Your rating(Clear)Rate this item


There was a problem filtering reviews right now. Please try again later.

28 of 33 people found the following review helpful
on December 31, 2002
I have serious misgivings about the facts presented in this book. The original French text was written in the 20's. I was given this book as I am working on a masterwork on the cultural history of Olives and Olive oil. In this respect she often jumps to the wrong conculsion, and makes broad judgements that have been discounted by anthropology since the 1960's. For instance she lists oil stores in ancient Babylonia as being olive oil. We know from further scholership that this would have been sesame oil, and that olive oil was a fuel and not a consumptive in that culture at the time. This causes me to question the entire book. This may be an interesting read, but at least with respect to Olives and Olive oil, there is much better out there.
22 commentsWas this review helpful to you?YesNoSending feedback...
Thank you for your feedback.
Sorry, we failed to record your vote. Please try again
Report abuse
18 of 21 people found the following review helpful
on May 31, 2003
Maguelonne Toussaint-Samat provides a rather feeble excuse for her limited bibliography and fails to provide adequate citations for many of her assertions. There is an obvious French slant on history throughout the book. And in some cases there appear to be insertions of "local legends" or Francophile dreams for which there is no other evidence than Toussaint-Samat's statement (i.e., fabricated quotations attributed to Charlemagne's biographer in the cheese story on pages 116-117 - look it up!). In a generalized, broad-spectrum work such as this it would be all but impossible to check every fact. But, that being said, the book contains hundreds if not thousands statements of fact and her uncritical (at best!) inclusion of information for which there is no evidence in the source cited brings the whole book, as an authoritative source, into question.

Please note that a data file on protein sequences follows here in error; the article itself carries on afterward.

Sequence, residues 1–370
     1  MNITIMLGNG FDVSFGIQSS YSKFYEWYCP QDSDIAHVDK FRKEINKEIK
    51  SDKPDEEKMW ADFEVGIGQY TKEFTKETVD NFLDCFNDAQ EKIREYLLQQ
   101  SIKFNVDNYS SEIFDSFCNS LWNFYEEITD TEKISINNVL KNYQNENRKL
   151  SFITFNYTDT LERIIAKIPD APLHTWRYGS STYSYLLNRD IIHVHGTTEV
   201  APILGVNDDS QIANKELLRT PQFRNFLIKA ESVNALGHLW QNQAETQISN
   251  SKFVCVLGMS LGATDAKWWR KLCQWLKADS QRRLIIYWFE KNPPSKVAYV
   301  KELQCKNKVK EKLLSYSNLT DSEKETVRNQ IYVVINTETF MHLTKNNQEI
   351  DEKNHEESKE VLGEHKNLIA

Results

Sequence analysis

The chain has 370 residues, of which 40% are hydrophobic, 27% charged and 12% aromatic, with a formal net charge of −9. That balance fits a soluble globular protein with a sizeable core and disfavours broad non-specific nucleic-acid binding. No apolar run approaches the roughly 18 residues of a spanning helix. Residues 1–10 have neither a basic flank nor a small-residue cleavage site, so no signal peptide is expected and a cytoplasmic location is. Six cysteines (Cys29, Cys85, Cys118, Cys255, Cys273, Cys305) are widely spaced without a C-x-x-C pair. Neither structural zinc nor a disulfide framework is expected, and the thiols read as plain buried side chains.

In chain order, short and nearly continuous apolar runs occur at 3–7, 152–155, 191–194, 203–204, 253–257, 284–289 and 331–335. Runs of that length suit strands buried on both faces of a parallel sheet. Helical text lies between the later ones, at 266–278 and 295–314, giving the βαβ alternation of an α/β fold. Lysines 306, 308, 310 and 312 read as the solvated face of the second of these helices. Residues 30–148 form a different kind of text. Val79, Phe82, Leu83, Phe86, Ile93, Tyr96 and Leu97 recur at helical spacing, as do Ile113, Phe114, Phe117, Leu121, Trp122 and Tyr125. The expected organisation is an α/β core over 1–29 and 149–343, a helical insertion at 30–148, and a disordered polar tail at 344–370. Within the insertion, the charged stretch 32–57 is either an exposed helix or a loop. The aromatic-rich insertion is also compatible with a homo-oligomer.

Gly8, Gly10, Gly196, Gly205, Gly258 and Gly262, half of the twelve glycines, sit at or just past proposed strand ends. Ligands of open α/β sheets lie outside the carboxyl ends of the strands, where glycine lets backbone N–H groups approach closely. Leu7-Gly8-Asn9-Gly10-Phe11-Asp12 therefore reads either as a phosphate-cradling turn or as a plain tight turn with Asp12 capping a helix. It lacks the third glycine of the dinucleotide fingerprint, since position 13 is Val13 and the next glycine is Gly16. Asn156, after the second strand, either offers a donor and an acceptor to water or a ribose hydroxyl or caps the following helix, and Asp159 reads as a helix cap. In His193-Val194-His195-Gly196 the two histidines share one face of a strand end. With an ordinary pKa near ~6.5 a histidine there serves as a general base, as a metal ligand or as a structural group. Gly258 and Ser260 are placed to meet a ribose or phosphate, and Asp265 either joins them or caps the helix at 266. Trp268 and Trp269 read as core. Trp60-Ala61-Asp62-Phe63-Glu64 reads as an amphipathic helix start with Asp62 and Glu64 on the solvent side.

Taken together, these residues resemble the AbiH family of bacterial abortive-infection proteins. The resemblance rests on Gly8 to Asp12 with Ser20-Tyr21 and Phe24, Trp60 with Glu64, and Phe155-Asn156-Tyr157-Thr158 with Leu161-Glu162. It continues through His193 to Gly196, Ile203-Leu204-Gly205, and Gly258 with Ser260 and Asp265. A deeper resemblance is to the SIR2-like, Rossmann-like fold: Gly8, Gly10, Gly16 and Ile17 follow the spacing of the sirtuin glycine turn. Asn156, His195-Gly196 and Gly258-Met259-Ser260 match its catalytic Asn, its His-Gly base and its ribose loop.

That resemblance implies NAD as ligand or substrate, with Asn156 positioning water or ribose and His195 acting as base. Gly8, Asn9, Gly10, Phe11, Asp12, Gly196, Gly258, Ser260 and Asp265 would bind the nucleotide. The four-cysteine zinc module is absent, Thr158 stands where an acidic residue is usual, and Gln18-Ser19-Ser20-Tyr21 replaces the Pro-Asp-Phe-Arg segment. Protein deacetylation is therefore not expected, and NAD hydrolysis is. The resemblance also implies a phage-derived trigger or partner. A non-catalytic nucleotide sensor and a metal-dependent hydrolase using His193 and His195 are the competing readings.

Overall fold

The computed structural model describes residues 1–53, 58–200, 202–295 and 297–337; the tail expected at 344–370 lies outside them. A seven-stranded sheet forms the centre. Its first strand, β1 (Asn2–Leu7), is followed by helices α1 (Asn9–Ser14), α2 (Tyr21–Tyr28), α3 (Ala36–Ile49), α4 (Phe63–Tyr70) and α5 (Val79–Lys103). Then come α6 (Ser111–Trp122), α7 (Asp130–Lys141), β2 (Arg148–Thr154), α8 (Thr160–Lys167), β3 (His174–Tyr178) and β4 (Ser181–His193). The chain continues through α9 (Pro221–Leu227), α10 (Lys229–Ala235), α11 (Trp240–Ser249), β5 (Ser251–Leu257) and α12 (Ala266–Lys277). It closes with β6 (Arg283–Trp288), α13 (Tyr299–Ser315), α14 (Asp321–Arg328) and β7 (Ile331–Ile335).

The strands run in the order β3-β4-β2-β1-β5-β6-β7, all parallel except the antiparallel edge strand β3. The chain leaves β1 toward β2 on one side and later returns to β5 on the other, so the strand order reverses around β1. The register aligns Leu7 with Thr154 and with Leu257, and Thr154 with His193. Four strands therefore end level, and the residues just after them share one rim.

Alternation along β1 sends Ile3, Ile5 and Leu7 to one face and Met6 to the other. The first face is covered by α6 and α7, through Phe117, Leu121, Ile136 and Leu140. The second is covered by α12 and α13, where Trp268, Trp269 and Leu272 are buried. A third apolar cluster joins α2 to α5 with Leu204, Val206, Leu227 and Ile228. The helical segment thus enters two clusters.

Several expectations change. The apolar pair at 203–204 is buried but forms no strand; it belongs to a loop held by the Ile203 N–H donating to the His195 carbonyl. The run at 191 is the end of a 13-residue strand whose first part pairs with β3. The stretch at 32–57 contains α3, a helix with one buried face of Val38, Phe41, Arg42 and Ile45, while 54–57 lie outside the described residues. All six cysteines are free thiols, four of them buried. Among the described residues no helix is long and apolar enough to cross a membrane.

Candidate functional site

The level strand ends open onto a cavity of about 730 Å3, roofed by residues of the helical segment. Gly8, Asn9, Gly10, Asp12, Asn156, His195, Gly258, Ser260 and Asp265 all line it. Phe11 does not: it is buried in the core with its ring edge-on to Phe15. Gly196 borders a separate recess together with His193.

0CommentWas this review helpful to you?YesNoSending feedback...
Thank you for your feedback.
Sorry, we failed to record your vote. Please try again
Report abuse
14 of 17 people found the following review helpful
on March 19, 2006
This fat volume about food and cooking, packed with anecdotes and trivia and stories, is amusing but completely unreliable, very out of date (1920s!), and often just plain wrong.

As a source of information about the history of food, it is useless. Many of the assertions of fact here are questionable, and none of them are footnoted so you can check them out. The author seems to have taken snippets from here and there (mostly, apparently, from French sources), sorted them thematically, and uncritically assembled them into a continuous text. No doubt some part of the assertions here is true, but there is no way of telling the difference between the true ones and the others!